Welcome to Manna !

As the Israelites journeyed from Egypt to the promised land they encountered numerous difficulties: an “uncrossable” sea, a limited supply of drinkable water, a lack of food, and hostile forces. Each and every time, however, the Lord provided for his people, whether in the form of a passage through the waves, potable water, manna and quails, or victory.

The School of Ministry, Theology and Culture at Tabor Adelaide is committed to helping meet the needs of God’s people today. And although these resources hardly come from the hand of God (as editor, a point to which I can safely attest!), our hope is that, in some small way, the videos, articles and reflections we provide will contribute in a positive way to the life of the body of the Christ, and the various ministries we are all engaged in. Our prayer is that as you read these articles, watch these videos and digest this material, you will receive sustenance and nourishment for your journey.

Welcome to our blog!

Dr Aaron Chalmers

Head of School Ministry, Theology and Culture

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Tabor presents the first in a series of Postgraduate Intensives for 2018

The Spiritual Life of a Minister with Dr Stuart Devenish     

February 12 to 16

MTC Post Grad Spiritual Life

Please email for more information on this intensive or how to enrol.
Information for all 2018 intensives  – available here

 

One week today…!

Wowee does time fly as fast as Superman racing to save a damsel in distress…

Theological: A Christian Pop-Culture Conference is only one week away, and we’re getting more than a little excited about the engaging content coming your way.

Whether it’s Matt Grey exploring how our superheroes may not be so super anymore, or Joanna Hubbard tackling the complex portrayal of our Christian leaders in the media, this is one line-up of sessions you just won’t want to miss.

And if you still haven’t got those tickets booked, book now or forever hold your peace!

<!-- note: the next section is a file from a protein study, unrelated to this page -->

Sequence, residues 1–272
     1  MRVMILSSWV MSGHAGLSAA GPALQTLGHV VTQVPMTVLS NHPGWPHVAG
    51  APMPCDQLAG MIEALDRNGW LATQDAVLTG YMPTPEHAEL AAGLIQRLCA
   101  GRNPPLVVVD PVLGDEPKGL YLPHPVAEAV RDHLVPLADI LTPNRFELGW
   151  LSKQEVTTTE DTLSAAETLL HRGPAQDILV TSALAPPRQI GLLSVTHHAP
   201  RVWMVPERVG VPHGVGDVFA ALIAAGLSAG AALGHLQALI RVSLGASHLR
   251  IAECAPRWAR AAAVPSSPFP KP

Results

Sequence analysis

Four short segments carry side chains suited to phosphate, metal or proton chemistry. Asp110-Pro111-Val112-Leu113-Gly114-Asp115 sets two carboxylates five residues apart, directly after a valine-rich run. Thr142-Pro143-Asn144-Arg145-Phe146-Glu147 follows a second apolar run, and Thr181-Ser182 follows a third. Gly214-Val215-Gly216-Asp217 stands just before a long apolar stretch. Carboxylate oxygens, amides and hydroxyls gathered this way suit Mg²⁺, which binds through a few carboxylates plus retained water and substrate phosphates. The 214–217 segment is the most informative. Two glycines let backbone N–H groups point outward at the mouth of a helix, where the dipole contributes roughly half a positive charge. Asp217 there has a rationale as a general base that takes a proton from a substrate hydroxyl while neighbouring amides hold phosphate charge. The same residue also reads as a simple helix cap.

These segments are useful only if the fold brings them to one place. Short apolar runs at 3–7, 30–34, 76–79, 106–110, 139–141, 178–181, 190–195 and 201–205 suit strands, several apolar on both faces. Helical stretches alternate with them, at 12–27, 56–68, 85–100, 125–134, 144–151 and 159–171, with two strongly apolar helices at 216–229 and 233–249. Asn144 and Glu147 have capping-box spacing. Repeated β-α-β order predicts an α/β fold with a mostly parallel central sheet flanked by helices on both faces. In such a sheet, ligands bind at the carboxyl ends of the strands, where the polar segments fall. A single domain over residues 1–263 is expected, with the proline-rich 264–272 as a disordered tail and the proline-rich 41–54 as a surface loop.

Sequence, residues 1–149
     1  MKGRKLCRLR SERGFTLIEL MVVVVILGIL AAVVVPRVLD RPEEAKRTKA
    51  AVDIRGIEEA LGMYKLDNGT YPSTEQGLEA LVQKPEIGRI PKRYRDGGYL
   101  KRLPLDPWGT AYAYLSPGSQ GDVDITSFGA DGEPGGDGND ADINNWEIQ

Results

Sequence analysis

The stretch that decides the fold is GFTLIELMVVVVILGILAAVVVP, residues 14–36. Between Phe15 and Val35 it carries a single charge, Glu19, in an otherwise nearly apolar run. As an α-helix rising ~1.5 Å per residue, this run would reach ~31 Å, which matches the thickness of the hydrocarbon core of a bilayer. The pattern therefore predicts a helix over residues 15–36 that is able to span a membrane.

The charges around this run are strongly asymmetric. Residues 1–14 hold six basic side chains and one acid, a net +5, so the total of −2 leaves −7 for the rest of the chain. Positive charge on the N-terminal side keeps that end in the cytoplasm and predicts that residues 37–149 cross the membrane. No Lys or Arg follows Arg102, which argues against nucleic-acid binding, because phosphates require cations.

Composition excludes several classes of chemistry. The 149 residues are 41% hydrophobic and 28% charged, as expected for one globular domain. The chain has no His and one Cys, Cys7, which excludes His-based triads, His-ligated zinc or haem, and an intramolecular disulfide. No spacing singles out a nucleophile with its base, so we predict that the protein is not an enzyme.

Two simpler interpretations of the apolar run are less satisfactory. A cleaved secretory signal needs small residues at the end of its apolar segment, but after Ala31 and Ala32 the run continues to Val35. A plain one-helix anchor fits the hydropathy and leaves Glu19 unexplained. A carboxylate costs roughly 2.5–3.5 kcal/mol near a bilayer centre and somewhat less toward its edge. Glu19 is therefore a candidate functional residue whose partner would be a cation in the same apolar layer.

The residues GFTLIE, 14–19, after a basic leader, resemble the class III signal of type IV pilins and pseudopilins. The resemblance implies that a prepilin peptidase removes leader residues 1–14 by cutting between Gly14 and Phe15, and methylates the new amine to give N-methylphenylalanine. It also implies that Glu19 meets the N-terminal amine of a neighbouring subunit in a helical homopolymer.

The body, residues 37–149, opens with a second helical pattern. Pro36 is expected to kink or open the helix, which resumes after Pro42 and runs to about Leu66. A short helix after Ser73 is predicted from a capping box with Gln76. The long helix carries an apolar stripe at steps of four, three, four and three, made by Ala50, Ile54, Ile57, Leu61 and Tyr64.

thor - matt gray

 

vicar of dibble - joanna hubbard

An engaging program of events!

Haven’t had a chance to look at the rich and varied program of events for the upcoming THEOLOGICON: a Christian pop-culture conference, yet?

Keep your eyes peeled on our social media pages as we release some engaging snippets of information regarding some of our most timeless stories, and the speakers who will be shedding light on the Christian tropes and themes behind them.

For example, take a closer look at Melinda Cousins’ pop-culture artefact session on Wonder Woman:

wonder woman content.png

Or how about reading up on how Tim Hein will be exploring the presence of God in the lyrics of Nick Cave:

nick cave - tim hein

Or better yet, you can always browse our full program any time by following this link.

Still haven’t got your tickets? Be sure to book yours soon to secure a place in this exciting program of events!

November is juuuuust around the corner, so we’ll be seeing you soon!

2017 Mentoring Training Days

Australian Christian Mentoring Network

Who do we listen to? How do we untangle the guidance of God from our own desires, needs and sometimes unconscious preferences? We all struggle with these questions ourselves, sometimes deeply when it comes to big life decisions. As mentors, walking with others as they seek discernment is a key part of our role. In this day seminar, we will explore listening to and discerning the many voices that we and our mentorees hear. Our own Sally Jones, Spiritual Director and Mentor, Committee member of the ACMN, will be leading us in reflecting on this important area. There will be opportunities for discussion and reflection as part of the day. It will be a great time of networking, learning, reflecting on practice and gaining new insights and tools. Join us at one of our regional day seminars. More information is available on our events page. This is open to anyone involved in walking through the challenges of life with another – helpful for pastoral carers, leaders, spiritual directors and other ministry contexts. We hope to see you there!

Cost: $100 per participant or $75 for ACMN members
Dates: Brisbane 21st August
Sydney 22nd August
Melbourne 23rd August
Adelaide 24th August
Perth 25th August
For more details or to register: http://www.mentoringnetwork.org.au/2017/05/31/voices/

Jesus, the Family and the Present Debate

The nature of marriage and the family is presently being re-negotiated in secular society. In response, many Christians are doing everything they can to preserve traditional understandings of marriage and family, thinking they are defending the Christian faith. This article attempts to help Christians think more biblically about the family, in order to help us better respond to the current debate around the family.